We are a clearinghouse for difficult ideas

Dear readers,

The Polis Project is a hybrid research and journalism organization that works with communities in resistance. Through our Research, Reportage and Resistance approach, we publish and disseminate critical ideas that are excluded from the mainstream media.

Our work sheds light on the rise of authoritarianism especially in democracies and focuses on issues of racial, class and caste injustice, Islamophobia and state oppression around the world.

In September 2019, the United States Library of Congress selected The Polis Project's website for inclusion in its web archives. They consider the “website to be an important part of their collection and historical record.”

We publish fearless journalism – you can read our Washington Post op-ed on how our work has been censored on Twitter at the behest of the Indian State.

Launched in 2017, we have hosted scholars, writers and activists to disseminate a variety of positions in regards to some of the most critical issues affecting contemporary global politics. Some of our guests include Somali Canadian writer Hassan Ghedi Santur, writer and scholar Nanjala Nyaloba, Prof. Nijah Cunningham, author of Tear Gas Anna Feigenbaum, feminist theorist and activist Zillah Eisenstein, Arjun Sethi (author of American Hate), member of the National Assembly of Pakistan Mohsin Dawar, Alaa Satir on the Sudanese revolution and Pulitzer prize-winning photographer Lorenzo Tugnoli. From American imperialism to state violence in India, from the ways cities are structured in Pakistan to the ethnic erasure in Sri Lanka, we explore our relationship with power and the collectivist spirit that unites us.

We are thrilled to reach a new audience through ScrollStack and here we share a selection of works we are extremely proud of.

Consider it a taste of what is to come.

Voices of Dissent: A History of Dissent in India - A conversation with Romila Thapar

Suchitra Vijayan in conversation with Prof. Romila Thapar about her book Voices of Dissent

We live in times when any form of dissent in India is marked as anti-national suggesting that the very concept of dissent has been imported into India from the West. It is an argument made by those who imagine the Indian past as free of blemishes and not requiring dissenting opinions.

Suchitra Vijayan sat down with Prof. Romila Thapar to talk about her new book Voices of Dissent and the significance of dissent throughout Indian history. Here they explore the long history of dissent in the subcontinent as its forms evolved or changed through the centuries.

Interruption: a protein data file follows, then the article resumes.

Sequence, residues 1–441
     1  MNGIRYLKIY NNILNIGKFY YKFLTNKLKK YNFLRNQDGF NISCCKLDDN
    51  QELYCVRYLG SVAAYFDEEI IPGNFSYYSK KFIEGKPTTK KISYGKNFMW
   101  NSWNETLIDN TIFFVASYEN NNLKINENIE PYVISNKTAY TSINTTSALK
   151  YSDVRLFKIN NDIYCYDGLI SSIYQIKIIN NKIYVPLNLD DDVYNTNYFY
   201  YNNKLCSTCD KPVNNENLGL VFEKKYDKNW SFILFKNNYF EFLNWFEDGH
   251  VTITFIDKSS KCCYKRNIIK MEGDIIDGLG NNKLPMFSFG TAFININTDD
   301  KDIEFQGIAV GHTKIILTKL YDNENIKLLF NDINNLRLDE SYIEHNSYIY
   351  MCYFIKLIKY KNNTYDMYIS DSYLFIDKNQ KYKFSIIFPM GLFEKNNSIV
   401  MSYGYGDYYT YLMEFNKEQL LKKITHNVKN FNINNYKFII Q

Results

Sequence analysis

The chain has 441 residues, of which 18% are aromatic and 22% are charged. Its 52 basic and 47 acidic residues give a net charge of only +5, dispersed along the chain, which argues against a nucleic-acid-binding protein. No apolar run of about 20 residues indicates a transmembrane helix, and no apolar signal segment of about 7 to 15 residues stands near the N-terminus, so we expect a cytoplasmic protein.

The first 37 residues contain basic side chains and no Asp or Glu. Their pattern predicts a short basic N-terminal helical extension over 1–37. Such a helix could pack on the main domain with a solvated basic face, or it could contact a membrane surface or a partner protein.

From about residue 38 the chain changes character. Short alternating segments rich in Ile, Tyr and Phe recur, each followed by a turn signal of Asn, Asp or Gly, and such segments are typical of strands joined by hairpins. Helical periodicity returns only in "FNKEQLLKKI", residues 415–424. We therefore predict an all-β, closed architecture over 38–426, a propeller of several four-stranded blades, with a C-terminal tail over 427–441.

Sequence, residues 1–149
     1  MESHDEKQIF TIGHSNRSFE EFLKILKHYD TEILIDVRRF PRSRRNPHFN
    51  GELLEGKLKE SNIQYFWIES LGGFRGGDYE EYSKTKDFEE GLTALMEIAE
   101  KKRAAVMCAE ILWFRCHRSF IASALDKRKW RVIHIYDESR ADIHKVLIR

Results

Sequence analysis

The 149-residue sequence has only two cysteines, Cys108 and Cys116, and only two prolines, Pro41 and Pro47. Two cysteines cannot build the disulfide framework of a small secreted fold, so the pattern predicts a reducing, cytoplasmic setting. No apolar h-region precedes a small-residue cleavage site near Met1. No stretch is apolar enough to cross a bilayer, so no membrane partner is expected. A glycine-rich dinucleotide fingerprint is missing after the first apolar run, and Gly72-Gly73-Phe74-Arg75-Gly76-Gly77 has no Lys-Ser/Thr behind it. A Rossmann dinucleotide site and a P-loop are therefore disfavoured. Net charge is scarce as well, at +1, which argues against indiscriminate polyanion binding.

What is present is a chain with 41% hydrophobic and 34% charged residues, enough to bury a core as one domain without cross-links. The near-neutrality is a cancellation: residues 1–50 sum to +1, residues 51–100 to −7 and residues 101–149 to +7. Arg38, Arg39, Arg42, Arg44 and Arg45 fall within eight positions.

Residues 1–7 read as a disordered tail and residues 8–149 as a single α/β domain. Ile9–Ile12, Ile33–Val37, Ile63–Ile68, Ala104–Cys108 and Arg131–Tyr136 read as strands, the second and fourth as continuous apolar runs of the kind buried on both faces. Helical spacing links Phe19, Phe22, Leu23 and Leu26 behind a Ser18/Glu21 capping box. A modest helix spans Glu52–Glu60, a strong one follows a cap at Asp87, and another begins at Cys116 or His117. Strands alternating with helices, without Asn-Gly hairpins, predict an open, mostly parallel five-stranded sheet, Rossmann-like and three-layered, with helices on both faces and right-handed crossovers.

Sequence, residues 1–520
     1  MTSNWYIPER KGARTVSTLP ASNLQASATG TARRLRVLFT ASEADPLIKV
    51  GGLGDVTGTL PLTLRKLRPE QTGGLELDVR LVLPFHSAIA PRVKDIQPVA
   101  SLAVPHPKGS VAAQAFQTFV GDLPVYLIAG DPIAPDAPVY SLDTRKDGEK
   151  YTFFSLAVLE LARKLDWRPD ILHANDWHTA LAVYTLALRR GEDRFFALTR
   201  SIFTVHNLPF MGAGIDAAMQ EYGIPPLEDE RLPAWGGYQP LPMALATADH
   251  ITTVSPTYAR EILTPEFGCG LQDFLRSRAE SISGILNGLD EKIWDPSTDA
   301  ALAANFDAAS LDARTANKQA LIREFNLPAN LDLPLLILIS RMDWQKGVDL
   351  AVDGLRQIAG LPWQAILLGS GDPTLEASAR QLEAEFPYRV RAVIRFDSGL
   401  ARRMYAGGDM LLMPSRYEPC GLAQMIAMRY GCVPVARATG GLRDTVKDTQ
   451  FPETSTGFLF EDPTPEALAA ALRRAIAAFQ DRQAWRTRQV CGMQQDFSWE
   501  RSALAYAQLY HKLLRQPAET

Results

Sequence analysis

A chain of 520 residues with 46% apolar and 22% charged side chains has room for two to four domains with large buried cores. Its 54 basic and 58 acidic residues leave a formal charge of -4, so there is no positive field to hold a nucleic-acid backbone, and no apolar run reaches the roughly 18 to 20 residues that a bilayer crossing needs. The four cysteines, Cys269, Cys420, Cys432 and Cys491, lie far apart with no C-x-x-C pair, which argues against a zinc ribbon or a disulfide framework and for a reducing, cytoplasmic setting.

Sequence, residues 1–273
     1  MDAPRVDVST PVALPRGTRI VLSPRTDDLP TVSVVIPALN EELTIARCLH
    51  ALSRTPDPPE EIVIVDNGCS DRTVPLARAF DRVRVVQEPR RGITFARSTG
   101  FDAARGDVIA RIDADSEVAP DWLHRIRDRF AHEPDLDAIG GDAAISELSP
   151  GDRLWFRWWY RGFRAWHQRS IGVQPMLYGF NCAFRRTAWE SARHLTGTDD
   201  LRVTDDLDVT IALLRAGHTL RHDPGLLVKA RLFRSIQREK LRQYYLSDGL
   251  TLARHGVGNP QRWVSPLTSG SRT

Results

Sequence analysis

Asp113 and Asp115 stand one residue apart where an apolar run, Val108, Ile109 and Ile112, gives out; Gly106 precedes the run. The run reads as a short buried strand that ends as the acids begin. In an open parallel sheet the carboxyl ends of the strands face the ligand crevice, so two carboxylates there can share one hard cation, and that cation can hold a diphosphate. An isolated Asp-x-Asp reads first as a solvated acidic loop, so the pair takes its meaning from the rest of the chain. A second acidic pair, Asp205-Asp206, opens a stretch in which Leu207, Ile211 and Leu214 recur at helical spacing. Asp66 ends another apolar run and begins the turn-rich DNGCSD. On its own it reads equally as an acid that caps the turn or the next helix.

Is Kashmir under military occupation? Why that is not rhetoric and it is important to answer the question.

Senior journalist Parvaiz Bukhari in conversation with lawyer Kartik Murukutla

Senior journalist Parvaiz Bukhari is in conversation with international human rights lawyer Kartik Murukutla regarding state violence and human rights abuses in Kashmir. The two discuss if Indian presence in Kashmir can be termed an occupation and what that means for international understanding of the region going forward.


Urban displacement and grassroots activism in Karachi

Karachi Bachao Tehreek is a grassroots coalition of lawyers and activists who are concerned about the sustainability of the development projects in the city of Karachi. They work in collaboration with community leaders in the working-class localities that bear the brunt of this so-called development.

In this conversation with Francesca Recchia, Fatima Zaidi details the timeline of urban violence and disenfranchisement taking place in the city, how the resistance movement came about and what are their demands. Even as the State enacts exploitative capitalist policies, Zaidi expresses hope in the future of a people’s movement.

Visit our Soundcloud for the full conversation.

Urban conflicts and promises in Karachi: evictions, development and activism.

Extending our explorations in Karachi, Francesca Recchia sits down with Arif Hasan, an architect, urban historian and activist from the city.

Looking at anti-encroachment drives that have targeted vulnerable communities, Hasan details how Karachi changed from a bustling multi-ethnic city after Independence to one blatantly favoring upper classes. He analyzes the impact of neoliberalism and private capital in determining an urban development based on projects rather than plans as well as global interests that contribute to shaping the city. Hasan unpacks the intricate nexus of collaborations and complicities between government officials, private developers, politicians, the judiciary and the Military that is the main force behind current land policies. As the Police and the State respond to the protests and mobilizations against these policies with increasing violence, Hasan sees hope in nurturing spaces to meet, build coalitions and fighting back.

Listen to the full conversation on our Soundcloud

Find the full interview on our website.

Keep listening and do take care.

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The Polis Project, Inc

Clearing house for difficult ideas